Here’s what makes it even tougher to stomach: The lack of makeup games this week might have been the result of a simple typo, an error in the league’s transcript of the bylaws. Burke said there was an agreement to leave April 14-15 open for makeups. But the bylaws stipulated April 7-11 for the last round of makeup games.
“Maybe men’s soccer agreed to April 7,” Burke said. “But there’s no possible way it would have been April 8 for women’s, because every team had a game scheduled for April 8 and we never play back to back.”
Burke said the league could have mistakenly put the women’s makeup dates with the men’s, or they could have typed the wrong dates. Maybe they changed their minds. In any case, UB got the short end.
“It’s mind-blowing,” Burke said. “We talk about fluidity and how things change during COVID and the need to be flexible. We had that opportunity and there was zero flexibility.”
Jeremy Guy, the MAC’s assistant commissioner, explained the league’s decision on Tuesday in a point-by-point review, saying Bowling Green met all the championship parameters agreed upon by league members last fall.
Guy said the policy for both men’s and women’s soccer provided for only an April 7 makeup date. The review said “only the men chose to design their schedule with this date left open in the middle of the season.”
He said it was not a typo, as the UB team suggested.
Mark Alnutt, the director of athletics at UB, expressed his disappointment in a statement released Monday afternoon, saying the players had sacrificed so much during the pandemic and “deserved a better fate than the one decided for them.”
“In a time when we should be most flexible in the interests and experiences of student athletes, this decision was a collective miss on the part of coaches, administrators and the Mid-American Conference,” Alnutt said, “and warrants further discussion on the existing structure of MAC championships for all sports.”
Barberic, who intends to take advantage of the NCAA rule allowing athletes an extra season of eligibility due to COVID, said the problem could have been avoided if the MAC hadn’t killed the conference tournament. She said they should reconsider that decision.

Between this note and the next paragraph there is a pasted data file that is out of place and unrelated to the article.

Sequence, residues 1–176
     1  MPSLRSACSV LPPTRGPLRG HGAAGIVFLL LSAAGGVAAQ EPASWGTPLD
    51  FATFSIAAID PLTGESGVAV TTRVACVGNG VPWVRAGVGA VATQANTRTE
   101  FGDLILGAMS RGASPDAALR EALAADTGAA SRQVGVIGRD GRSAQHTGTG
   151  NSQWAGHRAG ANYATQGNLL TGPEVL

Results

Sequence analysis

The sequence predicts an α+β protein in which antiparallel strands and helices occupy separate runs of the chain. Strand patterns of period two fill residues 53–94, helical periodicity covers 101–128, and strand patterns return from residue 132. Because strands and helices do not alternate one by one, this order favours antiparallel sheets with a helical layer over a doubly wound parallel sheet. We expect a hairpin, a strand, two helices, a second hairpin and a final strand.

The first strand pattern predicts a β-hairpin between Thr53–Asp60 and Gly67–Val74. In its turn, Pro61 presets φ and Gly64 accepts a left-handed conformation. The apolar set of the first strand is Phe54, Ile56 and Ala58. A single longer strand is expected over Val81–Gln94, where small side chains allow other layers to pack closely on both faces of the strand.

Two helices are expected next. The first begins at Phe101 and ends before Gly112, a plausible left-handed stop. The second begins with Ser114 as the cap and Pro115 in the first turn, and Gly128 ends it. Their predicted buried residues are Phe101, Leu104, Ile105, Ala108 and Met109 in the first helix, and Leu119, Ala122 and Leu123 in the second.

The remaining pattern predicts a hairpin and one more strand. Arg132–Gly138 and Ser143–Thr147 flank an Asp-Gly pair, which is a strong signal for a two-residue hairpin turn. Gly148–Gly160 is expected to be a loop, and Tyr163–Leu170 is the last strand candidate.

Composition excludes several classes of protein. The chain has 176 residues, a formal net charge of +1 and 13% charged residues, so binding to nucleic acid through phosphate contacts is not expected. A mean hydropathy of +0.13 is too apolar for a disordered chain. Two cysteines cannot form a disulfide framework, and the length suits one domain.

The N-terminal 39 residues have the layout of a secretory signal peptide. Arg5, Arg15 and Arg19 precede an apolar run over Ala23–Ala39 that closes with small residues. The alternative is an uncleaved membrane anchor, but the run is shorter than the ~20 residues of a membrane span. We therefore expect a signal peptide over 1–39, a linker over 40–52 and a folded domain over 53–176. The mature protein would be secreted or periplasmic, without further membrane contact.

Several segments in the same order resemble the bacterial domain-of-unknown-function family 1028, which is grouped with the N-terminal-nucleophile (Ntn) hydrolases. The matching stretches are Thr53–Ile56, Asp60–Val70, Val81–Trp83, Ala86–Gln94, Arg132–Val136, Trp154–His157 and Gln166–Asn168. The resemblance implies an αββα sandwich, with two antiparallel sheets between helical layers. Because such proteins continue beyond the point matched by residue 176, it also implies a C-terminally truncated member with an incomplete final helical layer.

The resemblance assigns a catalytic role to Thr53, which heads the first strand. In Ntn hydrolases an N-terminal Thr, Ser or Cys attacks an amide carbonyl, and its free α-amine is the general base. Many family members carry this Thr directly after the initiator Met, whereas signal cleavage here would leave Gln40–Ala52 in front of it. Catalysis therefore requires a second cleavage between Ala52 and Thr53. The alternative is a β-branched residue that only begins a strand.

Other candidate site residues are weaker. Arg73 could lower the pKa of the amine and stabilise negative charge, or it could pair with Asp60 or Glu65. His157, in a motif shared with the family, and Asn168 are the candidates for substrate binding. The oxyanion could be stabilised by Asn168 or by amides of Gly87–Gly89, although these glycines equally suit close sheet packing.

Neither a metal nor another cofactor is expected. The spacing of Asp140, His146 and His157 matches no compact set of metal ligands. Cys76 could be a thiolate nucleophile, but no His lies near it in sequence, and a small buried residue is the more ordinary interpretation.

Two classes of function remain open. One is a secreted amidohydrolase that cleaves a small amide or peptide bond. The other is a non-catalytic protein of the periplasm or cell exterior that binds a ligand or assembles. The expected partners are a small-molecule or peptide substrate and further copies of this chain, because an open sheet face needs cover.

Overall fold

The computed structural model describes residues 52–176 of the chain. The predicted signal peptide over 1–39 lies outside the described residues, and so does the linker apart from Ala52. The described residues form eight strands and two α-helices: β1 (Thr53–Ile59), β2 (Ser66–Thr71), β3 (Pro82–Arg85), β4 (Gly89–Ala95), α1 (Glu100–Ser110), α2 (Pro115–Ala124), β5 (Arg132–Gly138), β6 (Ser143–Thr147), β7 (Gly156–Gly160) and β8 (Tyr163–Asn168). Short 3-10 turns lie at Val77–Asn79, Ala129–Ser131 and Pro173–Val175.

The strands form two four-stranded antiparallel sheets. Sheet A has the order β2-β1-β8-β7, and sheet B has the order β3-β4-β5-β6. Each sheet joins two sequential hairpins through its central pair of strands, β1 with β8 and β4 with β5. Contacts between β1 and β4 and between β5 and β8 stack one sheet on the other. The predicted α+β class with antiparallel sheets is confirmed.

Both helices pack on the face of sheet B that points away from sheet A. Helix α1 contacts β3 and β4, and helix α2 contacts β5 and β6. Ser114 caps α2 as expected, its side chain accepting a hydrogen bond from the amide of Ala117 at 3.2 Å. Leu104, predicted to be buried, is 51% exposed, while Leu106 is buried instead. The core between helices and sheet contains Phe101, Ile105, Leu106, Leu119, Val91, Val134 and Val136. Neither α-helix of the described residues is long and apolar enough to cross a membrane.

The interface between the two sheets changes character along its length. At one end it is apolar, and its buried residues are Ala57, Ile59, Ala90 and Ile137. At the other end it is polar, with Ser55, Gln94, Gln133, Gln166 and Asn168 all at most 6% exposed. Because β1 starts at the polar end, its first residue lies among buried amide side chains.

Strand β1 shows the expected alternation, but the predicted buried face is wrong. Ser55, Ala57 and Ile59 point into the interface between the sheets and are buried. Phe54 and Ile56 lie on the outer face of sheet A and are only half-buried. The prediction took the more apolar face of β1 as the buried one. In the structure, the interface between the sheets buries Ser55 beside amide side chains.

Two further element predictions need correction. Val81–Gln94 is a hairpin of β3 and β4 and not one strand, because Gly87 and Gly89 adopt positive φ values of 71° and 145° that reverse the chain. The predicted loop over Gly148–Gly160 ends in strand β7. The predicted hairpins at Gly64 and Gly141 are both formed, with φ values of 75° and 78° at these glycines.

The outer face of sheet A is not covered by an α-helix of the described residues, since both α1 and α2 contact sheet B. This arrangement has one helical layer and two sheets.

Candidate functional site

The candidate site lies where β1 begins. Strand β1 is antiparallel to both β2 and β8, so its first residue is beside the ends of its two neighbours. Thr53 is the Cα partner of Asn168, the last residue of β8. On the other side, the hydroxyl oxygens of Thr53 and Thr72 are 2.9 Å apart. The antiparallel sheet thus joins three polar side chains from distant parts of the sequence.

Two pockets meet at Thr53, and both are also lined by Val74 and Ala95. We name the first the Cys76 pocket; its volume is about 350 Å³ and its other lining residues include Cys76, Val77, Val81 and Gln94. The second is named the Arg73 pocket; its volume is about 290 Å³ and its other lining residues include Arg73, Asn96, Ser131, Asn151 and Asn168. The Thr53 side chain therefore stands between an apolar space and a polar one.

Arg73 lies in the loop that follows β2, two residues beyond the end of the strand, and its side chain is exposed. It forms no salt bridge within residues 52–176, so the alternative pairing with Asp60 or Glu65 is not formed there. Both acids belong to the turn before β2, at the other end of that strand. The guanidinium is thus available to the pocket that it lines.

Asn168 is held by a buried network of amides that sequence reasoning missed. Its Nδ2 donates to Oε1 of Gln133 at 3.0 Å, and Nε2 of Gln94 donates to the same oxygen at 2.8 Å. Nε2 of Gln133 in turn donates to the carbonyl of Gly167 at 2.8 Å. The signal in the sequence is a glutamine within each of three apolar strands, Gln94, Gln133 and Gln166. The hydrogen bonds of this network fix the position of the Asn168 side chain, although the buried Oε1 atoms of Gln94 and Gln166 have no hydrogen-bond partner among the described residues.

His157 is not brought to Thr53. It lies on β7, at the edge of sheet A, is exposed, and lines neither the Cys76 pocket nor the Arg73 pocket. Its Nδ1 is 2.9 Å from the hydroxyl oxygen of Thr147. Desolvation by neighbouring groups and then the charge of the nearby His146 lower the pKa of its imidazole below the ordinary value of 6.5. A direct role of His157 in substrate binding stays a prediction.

“Why can’t we have our conference tournament and let the players decide who wins the MAC?” Barbaric said. “It shouldn’t be decided by coaches in a room. The players should decide.”
During the recent NCAA women’s basketball tournament, the disparity in resources between the men and women became a major issue. Even in women’s basketball, a TV draw and revenue-producing enterprise, the women are made to feel like second-class citizens.
“It’s hard not to think that at times,” said Burke, whose team won the MAC in his first season as head coach in 2014. “That’s what I told my administrator. How do I tell my players they matter, and their college experience matters? It’s tough in this spot.”
There’s still the outside chance of an at-large NCAA berth. But the MAC hasn’t received an at-large bid since 2009. UB’s power rating actually dropped after Sunday’s win. They have little chance of getting in over the Power 5 schools without winning the MAC title.
“History is not on our side,” Burke said. “We’re historically a one-bid league. With no non-conference games, I don’t know how the RPI will work. We’re going to have a couple days off. We’ll train the rest of the week, have some fun and pray for a miracle on Selection Monday.”